... a Christian lives not in himself, but in Christ and in his neighbor. Otherwise he is not a Christian. He lives in Christ through faith, in his neighbor through love. By faith he is caught up beyond himself into God. By love he descends beneath himself into his neighbor. Yet he always remains in God and in his love, as Christ says in John I [:51], “Truly, truly, I say to you, you will see heaven opened, and the angels of God ascending and descending upon the Son of man." (Luther, Freedom of a Christian)
Not only is Christian freedom a central Lutheran message, but its also a message our world is profoundly hungry for. All too many Americans (if they’re lucky) have to get up morning after morning, sit in a long commute, only to then sit in a cubicle in front of a computer all day, all in order to barely put food on the table. As the rich get richer and the poor get poorer, not only in America but around the world, an increasing number of folk face even greater oppression, whether it be from a corrupt government, disease, poverty, hunger, addiction, war or the bloat of their own extravagant wealth. At the same time, folks are more connected than ever before in one global, digital community; when we are inspired and when we are informed, we now have the ability to increasingly help bear each others burdens. Just talking about a loving God that cares for us and forgives us in such a unique situation is great, but it is not quite enough... we’ve been doing that in many churches for a while now.

We cannot just proclaim the love of God in Christ as some sort of warm fuzzy feeling we experience for an hour every Sunday morning that temporarily takes our pain away before we socialize over burned coffee. No! In doing so, we’re just ravaging God’s creation and wasting resources to heat, cool and maintain huge, comfortable but empty buildings where we deal out Marx’s “opiate of the masses,” (a drug we increasingly get paid less and less for). Such work is simply not sustainable, and even more importantly, its a waste of time. God’s love literally does something to us, it liberates us, it free us from the weight of whatever may oppress us into a new existence of discipleship in Christ:
The disciple is dragged out of his relative security into a life of absolute insecurity (that is, in truth, into the absolute security and safety of the fellowship of Jesus), from a life which is observable and calculable (it is, in fact, quite incalculable) into a life where everything is unobservable and fortuitous (that is, into one which is necessary and calculable), out of the realm of finite (which is in truth the infinite) into the realm of infinite possibilities (which is the one liberating reality). (Bonhoeffer, The Cost of Discipleship)
The life of discipleship is the one liberating reality, a realm of infinite possibilities, and this is profoundly good news! In this liberating reality, we’re freed to not just welcome in but in fact go out to folks like artists, activists, the LGBT community, singles and young people that the Church has turned away for far too long. In this liberating reality, we’re freed to discern with disciples how they can creatively engage with people of other faiths and with secular institutions to better serve their neighbors living in an increasingly pluralistic society. In this liberating reality, we’re freed to carefully and prayerfully move past our continued hangups around human sexuality while still being good stewards of the bodies and relationships that the Triune God has given us. In this liberating reality, we’re freed to embrace our theology of the cross and recognize that we don’t always have the answers. And in this liberating reality, we’re freed to actually step foot outside our church doors to boldly engage in Christian mission to our local communities and in our everyday lives.

How do we proclaim the good news of God’s act of liberating love in Christ to a world that’s so hungry for it yet increasingly doesn’t know what the heck we’re talking about? We simply follow Saint Paul’s example:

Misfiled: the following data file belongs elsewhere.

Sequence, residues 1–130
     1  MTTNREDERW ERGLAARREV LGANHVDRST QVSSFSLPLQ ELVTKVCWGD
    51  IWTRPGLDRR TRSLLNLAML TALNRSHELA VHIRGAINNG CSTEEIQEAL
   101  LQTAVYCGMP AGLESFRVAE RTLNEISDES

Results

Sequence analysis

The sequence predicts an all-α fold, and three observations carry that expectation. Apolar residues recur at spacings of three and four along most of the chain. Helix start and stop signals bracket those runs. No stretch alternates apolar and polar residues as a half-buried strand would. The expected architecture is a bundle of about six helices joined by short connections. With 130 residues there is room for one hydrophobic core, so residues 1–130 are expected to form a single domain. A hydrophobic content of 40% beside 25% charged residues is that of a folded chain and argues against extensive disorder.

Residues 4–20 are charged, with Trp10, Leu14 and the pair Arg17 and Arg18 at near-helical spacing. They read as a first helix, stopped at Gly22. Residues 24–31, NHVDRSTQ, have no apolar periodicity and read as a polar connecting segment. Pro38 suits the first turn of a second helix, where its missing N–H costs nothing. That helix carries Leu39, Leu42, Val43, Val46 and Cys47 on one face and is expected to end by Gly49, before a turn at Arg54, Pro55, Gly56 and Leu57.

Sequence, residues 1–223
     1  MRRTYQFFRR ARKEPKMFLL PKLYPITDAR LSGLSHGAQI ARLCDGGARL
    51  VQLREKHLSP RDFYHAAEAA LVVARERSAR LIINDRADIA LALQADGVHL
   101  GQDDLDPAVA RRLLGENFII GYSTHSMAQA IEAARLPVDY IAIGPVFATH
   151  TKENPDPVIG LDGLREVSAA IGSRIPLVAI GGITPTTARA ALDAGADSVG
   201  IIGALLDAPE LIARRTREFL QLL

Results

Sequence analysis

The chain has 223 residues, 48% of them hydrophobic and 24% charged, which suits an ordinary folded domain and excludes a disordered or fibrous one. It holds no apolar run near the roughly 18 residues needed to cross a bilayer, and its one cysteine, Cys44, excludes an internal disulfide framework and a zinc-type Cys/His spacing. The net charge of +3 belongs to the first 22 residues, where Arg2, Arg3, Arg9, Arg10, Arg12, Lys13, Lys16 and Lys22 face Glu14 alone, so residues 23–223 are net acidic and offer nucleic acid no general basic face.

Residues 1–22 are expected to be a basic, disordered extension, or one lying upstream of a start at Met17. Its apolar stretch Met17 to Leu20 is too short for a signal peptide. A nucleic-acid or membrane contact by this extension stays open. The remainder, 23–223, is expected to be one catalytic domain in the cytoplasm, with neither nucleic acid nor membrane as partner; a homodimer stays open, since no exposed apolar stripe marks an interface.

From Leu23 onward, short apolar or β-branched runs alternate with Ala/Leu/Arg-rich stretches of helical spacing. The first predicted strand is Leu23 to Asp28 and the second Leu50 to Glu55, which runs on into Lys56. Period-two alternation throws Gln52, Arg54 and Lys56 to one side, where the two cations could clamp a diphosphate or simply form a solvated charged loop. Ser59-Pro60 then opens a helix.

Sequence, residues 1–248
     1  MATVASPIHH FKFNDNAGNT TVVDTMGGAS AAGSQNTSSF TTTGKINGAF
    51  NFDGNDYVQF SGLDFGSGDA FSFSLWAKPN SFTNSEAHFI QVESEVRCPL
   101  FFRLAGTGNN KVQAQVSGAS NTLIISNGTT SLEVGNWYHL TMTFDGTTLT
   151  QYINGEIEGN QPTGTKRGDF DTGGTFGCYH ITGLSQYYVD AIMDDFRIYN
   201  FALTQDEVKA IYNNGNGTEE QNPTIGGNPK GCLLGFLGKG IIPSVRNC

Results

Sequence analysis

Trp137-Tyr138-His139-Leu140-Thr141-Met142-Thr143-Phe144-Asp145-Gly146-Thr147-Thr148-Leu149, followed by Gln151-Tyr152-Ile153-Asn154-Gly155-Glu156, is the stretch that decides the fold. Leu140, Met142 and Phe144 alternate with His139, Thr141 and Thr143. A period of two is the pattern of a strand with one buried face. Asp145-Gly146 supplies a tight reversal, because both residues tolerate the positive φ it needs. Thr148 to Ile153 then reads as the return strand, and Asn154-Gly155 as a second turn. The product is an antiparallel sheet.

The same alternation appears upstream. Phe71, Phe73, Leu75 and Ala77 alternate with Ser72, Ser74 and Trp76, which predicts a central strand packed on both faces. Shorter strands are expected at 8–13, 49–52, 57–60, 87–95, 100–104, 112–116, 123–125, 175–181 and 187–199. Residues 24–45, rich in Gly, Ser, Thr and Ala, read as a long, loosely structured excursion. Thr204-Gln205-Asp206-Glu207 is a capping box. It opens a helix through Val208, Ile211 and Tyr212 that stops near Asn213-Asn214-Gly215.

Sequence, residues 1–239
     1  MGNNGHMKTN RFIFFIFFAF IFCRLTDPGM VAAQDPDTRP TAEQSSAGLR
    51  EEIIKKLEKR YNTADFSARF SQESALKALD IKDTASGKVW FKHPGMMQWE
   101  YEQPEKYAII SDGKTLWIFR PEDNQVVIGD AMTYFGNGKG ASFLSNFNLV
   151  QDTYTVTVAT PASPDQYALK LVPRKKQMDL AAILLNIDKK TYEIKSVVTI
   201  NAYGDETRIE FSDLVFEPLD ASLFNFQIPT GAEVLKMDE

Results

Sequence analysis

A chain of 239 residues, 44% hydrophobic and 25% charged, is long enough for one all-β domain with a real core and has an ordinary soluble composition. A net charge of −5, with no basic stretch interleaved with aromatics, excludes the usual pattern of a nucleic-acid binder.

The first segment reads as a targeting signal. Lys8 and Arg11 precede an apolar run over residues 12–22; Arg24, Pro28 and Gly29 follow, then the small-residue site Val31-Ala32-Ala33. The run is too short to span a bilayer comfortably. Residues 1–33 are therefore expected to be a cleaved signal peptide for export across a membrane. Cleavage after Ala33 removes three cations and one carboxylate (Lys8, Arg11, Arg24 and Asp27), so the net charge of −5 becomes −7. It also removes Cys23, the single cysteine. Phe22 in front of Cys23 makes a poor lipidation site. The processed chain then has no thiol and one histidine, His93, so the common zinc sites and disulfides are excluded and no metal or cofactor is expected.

Then Paul stood in front of the Areopagus and said, ‘Athenians, I see how extremely religious you are in every way. For as I went through the city and looked carefully at the objects of your worship, I found among them an altar with the inscription, “To an unknown god.” What therefore you worship as unknown, this I proclaim to you. The God who made the world and everything in it, he who is Lord of heaven and earth, does not live in shrines made by human hands, nor is he served by human hands, as though he needed anything, since he himself gives to all mortals life and breath and all things. From one ancestor he made all nations to inhabit the whole earth, and he allotted the times of their existence and the boundaries of the places where they would live, so that they would search for God and perhaps grope for him and find him—though indeed he is not far from each one of us (Acts 17: 22 - 27, NRSV).
Part of the reason Camp Calumet is so good at cultivating Christian community is that its counselors teach about the Triune God through the culturally sensitive lens of “an unknown god.” Almost everyone I meet, Christians, folks who are “spiritual,” and even most atheists, seem to think there’s something outside themselves, something that they usually wish they could connect with better, even if its just the human spirit. The Athenians, despite all their idols of silver and stone, knew there was something else, something they really couldn’t put their finger on, and it was through the “unknown God” that Paul teaches them of Christ.

We’re all searching and struggling, groping for at very least this “unknown God,” and even the most anti-church campers at Calumet (and there’s plenty of them) feel much the same way. The counselors then don’t use gimmicky Christian rappers or acoustic guitar songs about kissing boyfriend Jesus, but rather teach of Christ through things native to the campers’ culture, using the near-universal yearning for the “unknown God” as an entry point. Perhaps my most cherished example of sharing the good news in this manner is through evening devotionals or “devos,” where the counselor usually plays a song or shares a story, leads brief discussion and ends with Bible verse and prayer. One of my favorite songs I used to play for devos is “Don’t Feed the Pig” by Dave Matthews Band:

Through its eloquent talk of the power of liberating love and the wonder of being grounded in the present moment, “Pig” profoundly speaks to the universal yearning for the “unknown God” inside each and everyone one of us. While I certainly was not nearly as theologically versed back when I was a camp counselor, I’d usually play the song and explain how for me, Christ was that source of liberating love Dave Matthews was talking about. It led to some truly amazing conversations (I mostly worked with teenage campers), and it did so while proclaiming the Gospel in a missional way that strongly reflected our Lutheran theological tradition.